Jon M: 03:36 So you talk about layers of trauma experienced by Central American immigrant children. Can you tell us more about that?
Stephanie C: 03:43 Absolutely. So the situation in Central America is so dire at present, you know, exacerbated by U S policies towards Central America over the past 50 plus years, that exposure to violence, and I mean really sort of grim graphic in your face community violence, has become a normalized sort of rite of passage for Central American children. It’s part of life to see bodies chopped up in the street. It’s part of life to be unable to go to school because of the fear of shootings en route to school. I also see profound effects related to the trauma of poverty. You know, we’re starting to learn that to a great extent migration from Guatemala doesn’t have as much to do with violence as it does from poverty caused by the effects of climate change. And when children are forced to subsist on grass soup and that’s real, that’s profoundly traumatizing in and of itself in that it denies children the typical experiences that we think of as characterizing childhood. We also want to think about the layer of trauma related to you know, everyone in Central America knows the risks of the journey northward. They know the risks of what happens in Mexico, the incredible vulnerability that children face, kidnappings, hunger, drownings. One in three females during the journey through Mexico is sexually assaulted. Everyone knows of those risks, but still they undertake the journey, which really has to be a tip off to us as to how bad everyday conditions are in Central America. For my students, you know, in the past, when they crossed the U S border, they were home free in terms of the level of vulnerability and sort of threat that they faced. That’s no longer the case. You know, we hear now on an almost weekly basis about children drowning in the Rio Grande. We hear about children dying in the custody of Border Patrol. Just last week, a 16-year-old boy died in Border Patrol custody of the flu. So whereas in the past when children would cross the border, they knew that they were pretty close to reaching their destination, that’s no longer the case.
Jon M: 06:05 Now, you talked about the continued trauma when they’re sort of in the hands of the Border Patrol, but when the students get up to, for example, the New York metropolitan area in the current political climate, is there continued trauma on a daily basis?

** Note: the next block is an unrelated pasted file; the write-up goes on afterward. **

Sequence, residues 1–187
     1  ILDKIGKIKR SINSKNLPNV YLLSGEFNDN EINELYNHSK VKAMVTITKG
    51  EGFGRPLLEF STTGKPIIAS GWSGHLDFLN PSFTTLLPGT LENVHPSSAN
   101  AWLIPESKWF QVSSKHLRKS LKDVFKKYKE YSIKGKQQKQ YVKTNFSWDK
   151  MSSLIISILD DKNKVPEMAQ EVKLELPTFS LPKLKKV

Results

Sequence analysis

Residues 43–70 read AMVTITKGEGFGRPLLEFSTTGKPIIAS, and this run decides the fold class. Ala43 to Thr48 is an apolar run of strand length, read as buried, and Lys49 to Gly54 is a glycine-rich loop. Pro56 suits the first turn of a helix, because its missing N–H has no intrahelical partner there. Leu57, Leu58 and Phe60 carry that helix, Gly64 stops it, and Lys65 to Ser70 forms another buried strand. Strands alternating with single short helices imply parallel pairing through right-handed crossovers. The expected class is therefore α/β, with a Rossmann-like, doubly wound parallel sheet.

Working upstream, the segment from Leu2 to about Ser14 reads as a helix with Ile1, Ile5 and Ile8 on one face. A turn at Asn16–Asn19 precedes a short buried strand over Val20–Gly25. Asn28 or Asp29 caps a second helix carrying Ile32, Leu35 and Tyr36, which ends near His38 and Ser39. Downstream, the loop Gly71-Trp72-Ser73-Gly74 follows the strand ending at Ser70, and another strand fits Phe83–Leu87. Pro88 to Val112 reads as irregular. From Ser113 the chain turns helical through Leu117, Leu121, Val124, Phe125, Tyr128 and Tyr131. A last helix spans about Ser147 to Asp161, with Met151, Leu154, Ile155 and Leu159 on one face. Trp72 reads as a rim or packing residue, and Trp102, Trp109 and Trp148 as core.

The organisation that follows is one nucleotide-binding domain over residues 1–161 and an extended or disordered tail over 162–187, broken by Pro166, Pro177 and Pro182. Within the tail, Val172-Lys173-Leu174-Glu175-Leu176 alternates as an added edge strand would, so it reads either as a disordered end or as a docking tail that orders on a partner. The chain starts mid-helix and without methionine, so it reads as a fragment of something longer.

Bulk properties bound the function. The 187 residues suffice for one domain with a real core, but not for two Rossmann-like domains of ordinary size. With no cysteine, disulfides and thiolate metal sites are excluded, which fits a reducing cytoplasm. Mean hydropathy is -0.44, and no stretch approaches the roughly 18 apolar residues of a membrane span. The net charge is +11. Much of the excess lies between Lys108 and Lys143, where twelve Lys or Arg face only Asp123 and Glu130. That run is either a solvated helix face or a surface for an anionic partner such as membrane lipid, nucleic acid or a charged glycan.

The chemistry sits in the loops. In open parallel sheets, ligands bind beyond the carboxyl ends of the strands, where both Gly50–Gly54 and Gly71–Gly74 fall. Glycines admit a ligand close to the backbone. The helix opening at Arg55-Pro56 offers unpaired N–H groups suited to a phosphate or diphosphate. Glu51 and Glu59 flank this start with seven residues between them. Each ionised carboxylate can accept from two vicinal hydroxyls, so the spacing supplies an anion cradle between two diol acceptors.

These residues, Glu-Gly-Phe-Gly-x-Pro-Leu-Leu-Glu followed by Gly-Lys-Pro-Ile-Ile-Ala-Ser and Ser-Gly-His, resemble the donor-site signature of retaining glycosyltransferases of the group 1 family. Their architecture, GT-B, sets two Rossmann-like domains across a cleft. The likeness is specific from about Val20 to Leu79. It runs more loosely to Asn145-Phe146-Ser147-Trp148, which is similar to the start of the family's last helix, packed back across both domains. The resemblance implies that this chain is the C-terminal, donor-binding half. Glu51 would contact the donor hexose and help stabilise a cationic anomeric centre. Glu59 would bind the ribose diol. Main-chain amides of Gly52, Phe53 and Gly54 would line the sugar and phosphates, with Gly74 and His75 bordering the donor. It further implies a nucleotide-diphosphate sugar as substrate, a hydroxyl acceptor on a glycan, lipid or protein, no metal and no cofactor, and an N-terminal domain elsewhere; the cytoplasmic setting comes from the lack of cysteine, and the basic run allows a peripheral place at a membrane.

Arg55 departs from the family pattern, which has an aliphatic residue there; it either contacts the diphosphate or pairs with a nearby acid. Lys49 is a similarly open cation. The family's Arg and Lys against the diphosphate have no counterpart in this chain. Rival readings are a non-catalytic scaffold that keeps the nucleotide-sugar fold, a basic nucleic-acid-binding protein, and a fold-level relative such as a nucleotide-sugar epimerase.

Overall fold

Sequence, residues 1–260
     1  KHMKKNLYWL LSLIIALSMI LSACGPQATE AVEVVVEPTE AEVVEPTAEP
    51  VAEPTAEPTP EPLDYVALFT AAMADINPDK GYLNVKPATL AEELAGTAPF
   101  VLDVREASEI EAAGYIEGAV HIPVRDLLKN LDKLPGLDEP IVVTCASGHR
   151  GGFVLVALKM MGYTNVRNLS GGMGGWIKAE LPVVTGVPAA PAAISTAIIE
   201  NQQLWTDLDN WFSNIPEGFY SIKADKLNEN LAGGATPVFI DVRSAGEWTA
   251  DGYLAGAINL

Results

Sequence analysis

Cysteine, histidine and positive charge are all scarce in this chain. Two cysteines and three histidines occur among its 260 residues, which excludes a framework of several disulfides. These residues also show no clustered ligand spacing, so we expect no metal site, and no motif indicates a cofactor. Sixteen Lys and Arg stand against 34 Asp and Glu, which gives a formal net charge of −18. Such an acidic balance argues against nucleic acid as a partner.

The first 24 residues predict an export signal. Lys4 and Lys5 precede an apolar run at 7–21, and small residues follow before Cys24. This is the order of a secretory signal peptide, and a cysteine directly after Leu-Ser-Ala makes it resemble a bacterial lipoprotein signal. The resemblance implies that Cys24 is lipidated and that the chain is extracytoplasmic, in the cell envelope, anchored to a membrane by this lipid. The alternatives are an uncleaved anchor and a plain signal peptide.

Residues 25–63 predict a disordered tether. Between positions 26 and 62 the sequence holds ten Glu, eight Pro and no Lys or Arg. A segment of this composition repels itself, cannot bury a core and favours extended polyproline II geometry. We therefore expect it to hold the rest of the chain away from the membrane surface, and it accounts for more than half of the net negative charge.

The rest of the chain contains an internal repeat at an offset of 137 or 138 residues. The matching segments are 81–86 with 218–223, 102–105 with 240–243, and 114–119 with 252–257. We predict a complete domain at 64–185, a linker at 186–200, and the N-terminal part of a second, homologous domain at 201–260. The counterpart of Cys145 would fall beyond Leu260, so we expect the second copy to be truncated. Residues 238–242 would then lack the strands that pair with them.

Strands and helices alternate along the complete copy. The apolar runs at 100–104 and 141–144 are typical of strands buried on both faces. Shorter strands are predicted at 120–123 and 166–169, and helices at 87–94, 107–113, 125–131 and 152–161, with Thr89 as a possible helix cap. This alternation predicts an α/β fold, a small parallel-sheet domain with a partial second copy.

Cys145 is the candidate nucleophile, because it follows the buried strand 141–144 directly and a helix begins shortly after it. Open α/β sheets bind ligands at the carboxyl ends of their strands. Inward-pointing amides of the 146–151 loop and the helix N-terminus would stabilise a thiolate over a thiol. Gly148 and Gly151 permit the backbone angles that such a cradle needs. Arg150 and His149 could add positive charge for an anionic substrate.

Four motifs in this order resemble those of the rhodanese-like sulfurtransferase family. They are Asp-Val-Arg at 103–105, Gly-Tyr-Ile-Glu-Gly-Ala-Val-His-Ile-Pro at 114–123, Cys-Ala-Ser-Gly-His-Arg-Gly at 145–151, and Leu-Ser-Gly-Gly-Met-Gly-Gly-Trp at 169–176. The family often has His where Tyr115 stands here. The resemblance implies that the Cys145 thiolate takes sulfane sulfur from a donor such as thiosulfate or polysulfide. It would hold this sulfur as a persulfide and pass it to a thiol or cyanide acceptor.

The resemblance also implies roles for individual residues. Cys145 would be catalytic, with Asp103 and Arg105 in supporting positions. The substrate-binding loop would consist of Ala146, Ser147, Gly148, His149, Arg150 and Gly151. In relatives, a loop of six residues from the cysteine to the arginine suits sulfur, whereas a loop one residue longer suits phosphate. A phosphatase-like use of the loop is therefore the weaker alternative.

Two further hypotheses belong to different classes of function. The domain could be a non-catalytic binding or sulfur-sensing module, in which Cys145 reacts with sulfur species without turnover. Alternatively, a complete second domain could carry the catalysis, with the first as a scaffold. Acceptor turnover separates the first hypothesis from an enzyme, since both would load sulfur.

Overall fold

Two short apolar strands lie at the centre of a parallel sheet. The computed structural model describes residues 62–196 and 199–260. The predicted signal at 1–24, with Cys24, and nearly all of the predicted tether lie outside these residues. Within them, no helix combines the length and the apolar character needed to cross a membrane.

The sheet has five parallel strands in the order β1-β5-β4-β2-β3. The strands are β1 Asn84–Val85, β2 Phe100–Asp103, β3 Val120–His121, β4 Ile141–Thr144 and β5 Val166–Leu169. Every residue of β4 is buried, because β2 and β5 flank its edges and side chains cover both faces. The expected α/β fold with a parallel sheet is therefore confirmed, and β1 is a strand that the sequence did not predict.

Stephanie C: 06:21 Absolutely. You know, I think the layers continue. I’ve worked with so many children who’ve said to me, “When I crossed the border, my heart exploded with joy because I would finally be with that long lost mother or father,” the person from whom they had experienced this prolonged separation. And what ends up happening is it’s sort of what I like to call the challenge of the Insta-family in that this child is suddenly back with that primary caregiver, but it doesn’t feel like the primary caregiver mom or dad is really the person that they left behind, the person who raised them in their country of origin. And now here they are forced with the prospect of making a family with someone who’s actually a stranger to them, so they’re confronted with this sort of profound sense of grief and this idea that their heart will never be whole again because it will always be in two countries. And Jon, you mentioned the political climate. You know, this is something that I kind of refer to as Trump trauma because it truly has profound implications for my students. There’s a new type of fear for them in that they’re out of the in your face violence of community, you know, gang warfare in the street, machete attacks on their way to school, but they’re living with this constant and pervasive fear of what will happen if they are deported. They’ve told me so many times, they feel like now they have to live como fantasmas, which means I have to live like a ghost, you know, constantly looking over their shoulders. I’m sure that Spanish speakers have heard this term, “por uno pagan todos” and this is a mentality that Central American immigrants really feel right now, that they have to sort of change the majority perception of Central Americans. There are continuous speeches, televised, in which our president references bad hombres, references the rapists from Central America, the drug dealers, the people who are going to kill our children. And my students feel an incredible pressure to prove that they’re not, that, that they are something different. And I think that that sort of collective vilification of the Central American identity has really significant effects for anyone’s psyche, but particularly a teenager’s psyche and sense of identity and sense of heritage, and cultural pride in who they are.